Decision of the Week – Charter Challenge for Search under the Traffic Safety Act

A frequent request of the library is for research on the validity of a search of a vehicle. This decision from the Alberta Court of Appeal analyses the steps the police must take to ensure compliance with sections 8, 9, 10 and 24(2) of the Charter.


[3]               The appellant appears to urge that this dominant objective in the mind of the police officer, contaminated the interaction with the appellant such as to occasion within the interaction between them the following “cascading” series of Charter breaches: (a) an almost immediate and continuing arbitrary detention contrary to s 9 of the Charter, (b) an improper questioning contrary to s 10 of the Charter, (c) unreasonable searches and seizures under s 8 of the Charter in the forms of a police dog sniffing around the vehicle and a pat down search of the appellant, (d) an unlawful delay in advising the appellant the reason for detention contrary to s 10(a) of the Charter and (e) an unlawful delay of advisement of the appellant’s right to counsel on detention under s 10(b) of the Charter: adapting what this Court said in R v Ali2016 ABCA 261 (CanLII) at para 3, [2016] AJ No 914 (QL).


[4]               The appellant goes on to say the evidence of the police seizure of hard drugs and a gun with ammunition from the vehicle should be excluded under s 24(2) of the Charter.

2019 ABCA 93

What is interesting to me is that Watson, J. references Crozier v. Cundey, a decision of 1827:


[35]           For what it is worth, the real mitochondrial father of both discretionary powers and limits thereon by police may be Crozier v Cundey (1827), 6 B&C. 232[1]. There, speaking as if it had long been thus, the King’s Bench noted where police might proceed without warrant and when they might not[2]Crozier need not be dismissed as merely a quirk of history. Tracing its influence through later cases shows it to be a foundation stone on which a significant part of police authority and its limits came to be constructed over the generations.

R. v. Zolmer, 2019 ABCA 93. H/t to “What’s hot on CanLII”.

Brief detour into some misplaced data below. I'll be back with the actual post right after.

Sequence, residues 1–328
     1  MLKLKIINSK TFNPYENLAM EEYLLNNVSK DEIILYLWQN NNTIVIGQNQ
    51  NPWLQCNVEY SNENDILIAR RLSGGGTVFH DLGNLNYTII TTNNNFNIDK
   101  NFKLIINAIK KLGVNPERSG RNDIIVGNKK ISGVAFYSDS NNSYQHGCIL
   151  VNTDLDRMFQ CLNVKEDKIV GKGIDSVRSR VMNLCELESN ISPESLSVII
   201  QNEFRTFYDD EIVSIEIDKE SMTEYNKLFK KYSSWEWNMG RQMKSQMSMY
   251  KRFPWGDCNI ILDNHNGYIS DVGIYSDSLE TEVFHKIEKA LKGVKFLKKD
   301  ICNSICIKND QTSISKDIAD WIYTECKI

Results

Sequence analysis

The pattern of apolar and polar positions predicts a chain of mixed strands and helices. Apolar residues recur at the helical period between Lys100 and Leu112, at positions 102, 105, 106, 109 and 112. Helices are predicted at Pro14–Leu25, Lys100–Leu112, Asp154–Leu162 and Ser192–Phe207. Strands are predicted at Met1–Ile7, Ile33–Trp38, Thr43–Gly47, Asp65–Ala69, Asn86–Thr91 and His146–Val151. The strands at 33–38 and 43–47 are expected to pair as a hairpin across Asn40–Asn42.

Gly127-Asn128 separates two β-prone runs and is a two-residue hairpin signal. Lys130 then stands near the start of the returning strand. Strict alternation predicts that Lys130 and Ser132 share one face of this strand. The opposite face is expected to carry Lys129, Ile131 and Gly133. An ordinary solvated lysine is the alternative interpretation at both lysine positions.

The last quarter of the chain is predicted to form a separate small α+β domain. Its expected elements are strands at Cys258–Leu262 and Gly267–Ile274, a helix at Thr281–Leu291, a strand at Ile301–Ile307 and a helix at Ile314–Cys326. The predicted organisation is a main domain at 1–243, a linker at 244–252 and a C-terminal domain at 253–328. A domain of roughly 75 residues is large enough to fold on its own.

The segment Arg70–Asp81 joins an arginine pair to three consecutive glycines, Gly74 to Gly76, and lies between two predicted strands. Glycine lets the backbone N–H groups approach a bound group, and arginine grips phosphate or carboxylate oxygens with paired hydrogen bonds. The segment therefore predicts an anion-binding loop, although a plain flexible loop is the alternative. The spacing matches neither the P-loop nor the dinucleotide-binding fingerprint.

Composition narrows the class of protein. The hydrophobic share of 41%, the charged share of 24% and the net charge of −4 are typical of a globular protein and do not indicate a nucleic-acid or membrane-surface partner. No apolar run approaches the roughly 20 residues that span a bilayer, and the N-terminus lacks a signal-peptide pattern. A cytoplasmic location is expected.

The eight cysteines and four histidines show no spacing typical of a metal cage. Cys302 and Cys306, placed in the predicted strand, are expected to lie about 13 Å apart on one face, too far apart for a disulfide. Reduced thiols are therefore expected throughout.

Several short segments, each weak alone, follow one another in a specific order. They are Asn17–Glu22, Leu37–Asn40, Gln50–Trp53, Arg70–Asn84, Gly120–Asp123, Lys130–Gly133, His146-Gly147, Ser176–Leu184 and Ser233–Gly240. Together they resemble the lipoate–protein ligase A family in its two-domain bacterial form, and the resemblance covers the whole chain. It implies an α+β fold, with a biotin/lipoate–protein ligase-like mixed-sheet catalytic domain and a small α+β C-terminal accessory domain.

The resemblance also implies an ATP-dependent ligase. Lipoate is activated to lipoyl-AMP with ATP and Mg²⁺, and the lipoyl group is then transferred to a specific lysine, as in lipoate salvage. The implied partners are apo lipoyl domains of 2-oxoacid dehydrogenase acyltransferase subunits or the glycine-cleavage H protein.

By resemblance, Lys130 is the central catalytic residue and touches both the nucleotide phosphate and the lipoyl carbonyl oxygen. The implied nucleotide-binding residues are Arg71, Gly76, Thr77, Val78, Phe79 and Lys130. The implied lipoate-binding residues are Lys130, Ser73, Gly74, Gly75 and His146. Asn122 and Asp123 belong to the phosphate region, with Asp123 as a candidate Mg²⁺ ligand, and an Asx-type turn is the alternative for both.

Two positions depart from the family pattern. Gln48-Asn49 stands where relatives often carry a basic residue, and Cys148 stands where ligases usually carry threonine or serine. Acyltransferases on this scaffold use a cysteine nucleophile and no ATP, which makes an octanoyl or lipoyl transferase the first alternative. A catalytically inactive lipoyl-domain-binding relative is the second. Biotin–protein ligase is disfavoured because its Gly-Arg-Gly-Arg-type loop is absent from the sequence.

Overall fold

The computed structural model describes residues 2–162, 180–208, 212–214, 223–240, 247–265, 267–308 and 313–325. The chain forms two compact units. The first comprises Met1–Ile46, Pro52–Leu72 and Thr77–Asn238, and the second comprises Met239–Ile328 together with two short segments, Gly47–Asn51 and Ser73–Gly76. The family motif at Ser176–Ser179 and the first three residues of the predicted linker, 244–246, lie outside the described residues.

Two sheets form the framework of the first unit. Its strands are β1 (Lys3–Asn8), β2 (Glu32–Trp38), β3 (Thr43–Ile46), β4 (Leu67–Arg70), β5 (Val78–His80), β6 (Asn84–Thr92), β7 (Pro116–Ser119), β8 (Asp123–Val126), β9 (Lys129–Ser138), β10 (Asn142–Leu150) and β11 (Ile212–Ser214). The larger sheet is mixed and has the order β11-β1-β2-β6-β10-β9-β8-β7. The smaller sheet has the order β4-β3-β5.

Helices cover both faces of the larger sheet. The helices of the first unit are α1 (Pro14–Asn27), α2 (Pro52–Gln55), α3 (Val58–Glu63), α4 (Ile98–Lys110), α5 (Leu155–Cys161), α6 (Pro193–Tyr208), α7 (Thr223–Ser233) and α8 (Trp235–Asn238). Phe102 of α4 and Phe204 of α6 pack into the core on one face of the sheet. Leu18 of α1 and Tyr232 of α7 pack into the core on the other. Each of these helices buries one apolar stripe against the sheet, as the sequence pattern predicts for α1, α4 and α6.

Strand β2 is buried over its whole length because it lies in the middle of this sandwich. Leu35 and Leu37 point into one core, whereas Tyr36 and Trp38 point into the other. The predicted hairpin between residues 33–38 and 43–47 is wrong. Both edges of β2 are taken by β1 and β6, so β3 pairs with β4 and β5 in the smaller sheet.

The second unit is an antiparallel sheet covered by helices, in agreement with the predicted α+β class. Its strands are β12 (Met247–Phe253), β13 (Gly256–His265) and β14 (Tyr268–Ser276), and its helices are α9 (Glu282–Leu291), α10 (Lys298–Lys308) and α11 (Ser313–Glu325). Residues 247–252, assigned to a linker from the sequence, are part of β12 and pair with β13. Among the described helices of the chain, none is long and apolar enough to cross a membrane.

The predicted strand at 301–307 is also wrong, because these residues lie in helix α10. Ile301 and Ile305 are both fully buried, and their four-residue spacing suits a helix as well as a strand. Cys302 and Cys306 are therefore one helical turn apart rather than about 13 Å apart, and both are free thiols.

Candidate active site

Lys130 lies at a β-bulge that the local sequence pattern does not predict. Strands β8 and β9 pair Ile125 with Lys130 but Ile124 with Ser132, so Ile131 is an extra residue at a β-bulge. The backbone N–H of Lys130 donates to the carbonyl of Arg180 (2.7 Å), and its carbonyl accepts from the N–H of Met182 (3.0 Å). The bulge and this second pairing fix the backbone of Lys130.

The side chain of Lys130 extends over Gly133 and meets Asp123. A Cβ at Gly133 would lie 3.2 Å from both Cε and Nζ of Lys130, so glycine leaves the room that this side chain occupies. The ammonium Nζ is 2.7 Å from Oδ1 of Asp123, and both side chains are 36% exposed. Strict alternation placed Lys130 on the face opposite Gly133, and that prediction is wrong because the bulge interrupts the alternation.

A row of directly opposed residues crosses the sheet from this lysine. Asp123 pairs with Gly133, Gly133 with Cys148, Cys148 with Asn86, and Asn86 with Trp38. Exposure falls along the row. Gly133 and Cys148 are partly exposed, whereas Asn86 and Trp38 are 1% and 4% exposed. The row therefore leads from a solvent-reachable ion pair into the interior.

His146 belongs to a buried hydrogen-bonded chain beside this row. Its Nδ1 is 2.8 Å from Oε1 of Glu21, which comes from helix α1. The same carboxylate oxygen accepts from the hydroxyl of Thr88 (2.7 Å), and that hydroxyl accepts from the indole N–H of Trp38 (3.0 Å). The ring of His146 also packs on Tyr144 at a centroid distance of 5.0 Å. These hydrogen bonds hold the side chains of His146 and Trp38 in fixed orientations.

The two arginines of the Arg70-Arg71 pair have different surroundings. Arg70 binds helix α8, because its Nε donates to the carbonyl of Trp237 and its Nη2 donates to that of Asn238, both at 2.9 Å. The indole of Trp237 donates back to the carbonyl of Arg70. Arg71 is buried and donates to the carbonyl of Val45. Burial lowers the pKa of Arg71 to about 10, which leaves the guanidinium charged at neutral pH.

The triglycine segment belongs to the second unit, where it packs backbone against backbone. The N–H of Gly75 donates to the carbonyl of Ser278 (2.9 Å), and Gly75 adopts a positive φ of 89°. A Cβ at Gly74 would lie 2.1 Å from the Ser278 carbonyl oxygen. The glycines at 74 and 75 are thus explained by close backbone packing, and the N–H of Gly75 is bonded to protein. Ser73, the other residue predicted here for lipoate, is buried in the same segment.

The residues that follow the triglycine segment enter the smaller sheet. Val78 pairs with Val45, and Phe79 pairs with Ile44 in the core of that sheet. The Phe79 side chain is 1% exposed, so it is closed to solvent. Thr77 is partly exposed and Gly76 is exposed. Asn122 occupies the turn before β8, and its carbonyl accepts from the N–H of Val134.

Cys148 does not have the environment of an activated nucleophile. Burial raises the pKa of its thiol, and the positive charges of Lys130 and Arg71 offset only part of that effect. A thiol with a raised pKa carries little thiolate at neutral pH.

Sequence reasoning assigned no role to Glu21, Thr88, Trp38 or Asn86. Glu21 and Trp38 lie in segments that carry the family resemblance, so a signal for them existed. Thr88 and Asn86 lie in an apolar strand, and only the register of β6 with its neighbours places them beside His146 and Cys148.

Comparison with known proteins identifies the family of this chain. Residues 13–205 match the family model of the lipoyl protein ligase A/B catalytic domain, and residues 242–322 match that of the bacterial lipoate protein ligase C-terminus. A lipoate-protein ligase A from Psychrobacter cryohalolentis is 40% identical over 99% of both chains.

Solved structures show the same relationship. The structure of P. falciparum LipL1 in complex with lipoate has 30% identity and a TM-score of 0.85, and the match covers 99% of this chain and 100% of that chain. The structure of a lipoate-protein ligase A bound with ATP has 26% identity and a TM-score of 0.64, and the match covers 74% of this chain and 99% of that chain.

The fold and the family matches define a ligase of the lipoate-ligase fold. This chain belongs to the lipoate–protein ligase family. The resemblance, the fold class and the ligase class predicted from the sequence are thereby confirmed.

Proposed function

Legislative Updates

4th Session of the 41st Legislature

New Bills

Government Bills:

Private Member’s Bills:

Check the Bill Status daily to follow the legislative process.

Proclamations

The Government has proclaimed the following Act:

The Government Notices Modernization Act (Various Acts Amended) (S.M. 2018, c. 28), part 1 effective April 1, 2019.

Part 1 of this Act amends The Queen’s Printer Act to establish the deputy minister of the department that administers the Act as the Queen’s Printer and to require the Queen’s Printer to make The Manitoba Gazette, an official government publication, available to the public online at no cost.

Part 2 of this Act amends provisions in 24 statutes that relate to the government’s publication of official notices. These amendments remove references to printed “issues” of The Manitoba Gazette so that it may be published online. Several requirements to publish a notice or document in a newspaper are replaced with the requirement or option of publishing it in The Manitoba Gazette.

Contents Update – Estates Trusts & Pensions Journal

Volume 38 No.1 of the Estates Trusts & Pensions Journal has arrived in the library

Contents

From the Legislature

  • SDA Section 3 Survival Kit: an Invisible Plane, a Golden Lasso, and a Bat Phone by Wendy Griesdorf

Article

  • Resolving Grave Disputes by Jason Ward

If you are a member of the Law Society of Manitoba and would like to receive a copy of any of these articles, please contact us at library@lawsociety.mb.ca

Legislative Updates

The 4th Session of the 41st Legislature resumed on March 6, 2019.

New Bills

Government Bills:

Private Members’ Bills:

Check the Bill Status daily to follow the legislative process.

Orders in Council, February 2019

Decision of the Week: Reference re Health Care Certification

The Manitoba Court of Appeal released this Reference re Certification in the Manitoba Health Sector, 2019 MBCA 18.


[2]                           This matter comes before this Court as a reference from the Manitoba Labour Board (the Board).  The Board may refer any question of law for a final determination by this Court (see section 143(4) of The Labour Relations Act, CCSM c L10 (the LRA)).  This reference concerns a controversy that has arisen as to the correct procedure for non-unionised employees in the health sector organising for the purpose of collective bargaining under this new model.  The dispute is about who is the appropriate decision-maker as to an application for certification in the health sector.  The two possibilities are the Board exercising its authority under the LRA or the Commissioner exercising his authority under the Act.

A unanimous Court determined that the Commissioner is the sole decision-maker for an application for certification in the health sector.